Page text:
But even the nominating committees watch them on screeners. That means that they have DVDs of the movies delivered to their door in hopes that they will actually watch the films and nominate them for an award. The very people in charge of deciding the artistic merit of a film see most of the worthy candidates in the same way I’d prefer to see them. At home with their dogs and a bowl of soup. And here’s where my plan comes into play.

As on-demand film delivery accelerates, I think it would be much easier to get the home audience to see these types of movies. As much as I’m interested in The Last King Of Scotland and Notes On A Scandal, for instance, seeing them is almost prohibitive. Scotland is presently playing at precisely one theatre in town, and I want to fight traffic in Green Hills about as much as I want to take in Morgan Spurlock as a boarder. Notes is not even playing THERE. On the other hand, could I download these films and watch them at home on Thursday Night (when Ugly Betty and The Office are both in repeats) I would do it. And then I would actually have something to care about on Oscar® night.

***Isn’t it so pretentious how I’m putting the “®” after Oscar, like the Acadamy is going to sue me if I don’t? Really it’s just because I recently figured out how to make that little symbol on my blog, so I’m overusing it.

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If you know me at all, either in person or via the blog, you are probably aware of my biggest neurosis. (Or what I consider to be my biggest neurosis. You might have a different ranking on your scorecard at home.) In case you had forgotton, I’m absolutely freakish about having any food in the bathroom. Or dishes in the bathroom.

Yes, it’s my whacky brand of Kosher. Where food is at the beginning and where food is at the end should be kept miles apart in my book.

Which is why today’s baby shower presented a bit of a throw-up-in-my-mouth moment.

I’m generally not a fan of showers, largely because they involve some of the stupidest games I’ve ever been subject to. These games usually involve the wearing of safety pins, the cutting of ribbon or the unwinding of vast amounts of toilet paper. No. Sorry. Not my idea of fun. Yet I do like the part of showers where you get to intermingle with the people who make up the various social circles of the honoree. There’s usually a potpourri of women–some from work, some from church, some from their distant past. Everyone seems to have at least one Barnacle Friend who’s known them since they were in Kindergarten together. Those people interest me. All my Barnacle Friends are stuck in Indiana and therefore relieved of any tedious Kat Shower Duty should I fall pregnant.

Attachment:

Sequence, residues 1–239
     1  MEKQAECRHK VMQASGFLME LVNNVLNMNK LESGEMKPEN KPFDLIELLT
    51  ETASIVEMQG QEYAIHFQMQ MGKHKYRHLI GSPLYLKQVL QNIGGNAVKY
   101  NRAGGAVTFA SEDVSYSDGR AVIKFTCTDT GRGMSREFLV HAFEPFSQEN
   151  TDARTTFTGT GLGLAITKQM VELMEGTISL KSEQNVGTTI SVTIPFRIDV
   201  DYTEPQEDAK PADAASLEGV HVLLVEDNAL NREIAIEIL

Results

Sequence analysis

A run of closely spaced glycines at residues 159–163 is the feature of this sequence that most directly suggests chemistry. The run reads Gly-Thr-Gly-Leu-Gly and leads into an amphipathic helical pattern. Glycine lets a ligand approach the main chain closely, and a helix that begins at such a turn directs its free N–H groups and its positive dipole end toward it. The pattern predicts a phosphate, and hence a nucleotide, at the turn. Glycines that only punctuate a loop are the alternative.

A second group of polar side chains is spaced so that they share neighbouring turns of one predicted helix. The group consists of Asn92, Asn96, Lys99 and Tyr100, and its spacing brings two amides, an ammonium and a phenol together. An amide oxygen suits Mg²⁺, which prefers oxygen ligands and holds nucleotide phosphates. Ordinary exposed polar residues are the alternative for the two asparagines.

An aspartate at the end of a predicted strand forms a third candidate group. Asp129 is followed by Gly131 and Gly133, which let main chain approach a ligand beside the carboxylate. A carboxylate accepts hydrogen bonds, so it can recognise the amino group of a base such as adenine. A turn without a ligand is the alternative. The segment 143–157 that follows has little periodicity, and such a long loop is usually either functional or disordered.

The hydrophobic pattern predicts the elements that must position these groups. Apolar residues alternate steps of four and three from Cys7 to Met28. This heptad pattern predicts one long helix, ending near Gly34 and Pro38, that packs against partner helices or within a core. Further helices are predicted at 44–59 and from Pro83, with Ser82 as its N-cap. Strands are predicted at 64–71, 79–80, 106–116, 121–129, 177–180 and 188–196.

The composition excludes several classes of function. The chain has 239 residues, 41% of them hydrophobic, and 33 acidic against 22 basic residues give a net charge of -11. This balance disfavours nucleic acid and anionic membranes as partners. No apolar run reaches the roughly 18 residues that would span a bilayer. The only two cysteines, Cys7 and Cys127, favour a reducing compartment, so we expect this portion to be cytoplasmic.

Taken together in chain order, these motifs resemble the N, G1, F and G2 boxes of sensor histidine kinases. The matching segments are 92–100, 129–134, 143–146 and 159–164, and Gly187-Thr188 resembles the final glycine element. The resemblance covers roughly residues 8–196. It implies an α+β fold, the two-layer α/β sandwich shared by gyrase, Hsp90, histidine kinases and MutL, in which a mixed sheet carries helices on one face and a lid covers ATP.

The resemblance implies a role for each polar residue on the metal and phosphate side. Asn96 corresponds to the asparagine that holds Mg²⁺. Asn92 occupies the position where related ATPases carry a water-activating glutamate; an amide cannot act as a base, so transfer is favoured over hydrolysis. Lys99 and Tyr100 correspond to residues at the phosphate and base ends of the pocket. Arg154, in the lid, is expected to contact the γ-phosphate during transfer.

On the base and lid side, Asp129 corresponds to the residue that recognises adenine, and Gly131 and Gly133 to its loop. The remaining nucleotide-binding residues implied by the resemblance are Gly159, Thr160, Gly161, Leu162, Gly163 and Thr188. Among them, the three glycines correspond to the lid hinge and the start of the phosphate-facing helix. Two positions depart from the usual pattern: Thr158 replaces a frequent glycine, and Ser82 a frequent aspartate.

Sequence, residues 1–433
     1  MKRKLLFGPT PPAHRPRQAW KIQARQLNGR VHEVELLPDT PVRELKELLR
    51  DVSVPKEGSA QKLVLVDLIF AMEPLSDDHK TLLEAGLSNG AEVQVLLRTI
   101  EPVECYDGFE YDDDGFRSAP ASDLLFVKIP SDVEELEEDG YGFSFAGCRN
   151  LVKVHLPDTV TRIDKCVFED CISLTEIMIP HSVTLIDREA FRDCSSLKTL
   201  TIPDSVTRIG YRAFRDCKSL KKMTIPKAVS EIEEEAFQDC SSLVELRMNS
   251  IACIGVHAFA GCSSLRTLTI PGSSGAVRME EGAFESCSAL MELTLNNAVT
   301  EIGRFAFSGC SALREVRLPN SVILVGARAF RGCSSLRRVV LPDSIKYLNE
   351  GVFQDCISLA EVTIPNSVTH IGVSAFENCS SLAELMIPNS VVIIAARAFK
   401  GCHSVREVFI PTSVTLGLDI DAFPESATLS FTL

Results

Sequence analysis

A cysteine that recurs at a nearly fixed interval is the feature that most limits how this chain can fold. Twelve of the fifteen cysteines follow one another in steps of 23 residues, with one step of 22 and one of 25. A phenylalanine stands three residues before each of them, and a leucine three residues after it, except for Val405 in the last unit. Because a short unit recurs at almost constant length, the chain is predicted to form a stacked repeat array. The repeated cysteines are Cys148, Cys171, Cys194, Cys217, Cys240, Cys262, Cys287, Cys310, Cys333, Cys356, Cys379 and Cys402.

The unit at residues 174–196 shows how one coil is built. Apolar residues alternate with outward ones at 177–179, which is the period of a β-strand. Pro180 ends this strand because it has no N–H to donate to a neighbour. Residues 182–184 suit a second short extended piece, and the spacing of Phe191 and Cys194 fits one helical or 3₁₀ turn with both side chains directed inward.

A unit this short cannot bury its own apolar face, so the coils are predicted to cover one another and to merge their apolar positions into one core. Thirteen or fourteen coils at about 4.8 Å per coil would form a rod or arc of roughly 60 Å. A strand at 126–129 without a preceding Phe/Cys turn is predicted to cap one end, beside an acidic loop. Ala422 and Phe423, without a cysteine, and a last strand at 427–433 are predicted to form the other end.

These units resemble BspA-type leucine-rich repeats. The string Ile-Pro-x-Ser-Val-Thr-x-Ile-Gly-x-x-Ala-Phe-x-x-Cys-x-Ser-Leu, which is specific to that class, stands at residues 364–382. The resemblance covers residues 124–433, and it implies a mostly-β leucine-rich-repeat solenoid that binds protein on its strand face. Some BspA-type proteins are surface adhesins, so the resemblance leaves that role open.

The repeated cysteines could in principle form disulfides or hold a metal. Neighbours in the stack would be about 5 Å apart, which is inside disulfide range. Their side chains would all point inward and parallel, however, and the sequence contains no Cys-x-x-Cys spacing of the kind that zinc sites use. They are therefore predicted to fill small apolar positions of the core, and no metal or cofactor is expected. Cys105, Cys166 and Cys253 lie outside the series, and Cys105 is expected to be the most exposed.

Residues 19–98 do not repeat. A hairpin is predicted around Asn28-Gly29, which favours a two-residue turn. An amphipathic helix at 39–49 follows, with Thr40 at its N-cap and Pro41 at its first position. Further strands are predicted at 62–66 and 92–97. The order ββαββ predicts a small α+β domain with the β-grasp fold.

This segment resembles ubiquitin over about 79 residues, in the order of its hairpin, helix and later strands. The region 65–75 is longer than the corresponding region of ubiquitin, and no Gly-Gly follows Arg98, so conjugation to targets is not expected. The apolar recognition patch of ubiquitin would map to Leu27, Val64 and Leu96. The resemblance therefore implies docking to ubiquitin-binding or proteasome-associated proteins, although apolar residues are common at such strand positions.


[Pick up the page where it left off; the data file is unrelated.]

Oh yeah. Back to the grossness. I’ve been putting off writing about it because I don’t think I can take it. But much like memories of life’s most embarrassing moments I have to confront this to be rid of it.

Today we played the Shower Game From Hell. Here’s how the game works: your hostess puts various candy bars into diapers and microwaves them. She then walks around with the ::::shudders while typing:::: mushy chocolate-filled diaper and you have to guess what type of candy bar it was before the nuking.

I swear to you I had tears running out of my eyes. At one point I actually said “Oh Dear GOD!” in what was most decidedly a plea to my Lord without any touch of blasphemy. I came thisclose to spraying spinach dip and green punch all over Barnacle Friend’s carpet. I swear I’m traumatised.

And if I ever meet the inventor of this game, I will make them watch a three hour videotaped autopsy.

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This was a good episode on a lot of levels–especially Jim’s decision to finally be honest with TB!K about his feelings for Pam. But I’ll be honest. I’ll probably have to watch it a couple more times before I decide if it was funny or not.

You know all the jerk moves Andy made? Calling people stupid nicknames, boyflirting with the boss, showing off his cell phone? All that stuff?

I swear to you, I could have written Andy from a diary of a coworker I once had. Given the fact that people I know from all walks of life have found my blog, I have to be pretty circumspect. But I promise you. I worked with a guy exactly like that, down to a t. In fact that’s one of the reasons I ultimately left that place of employment. No one else wanted to work with the guy, so he ultimately got shuffled off to me to “handle.” So while I enjoyed the show there were a few too many flashbacks.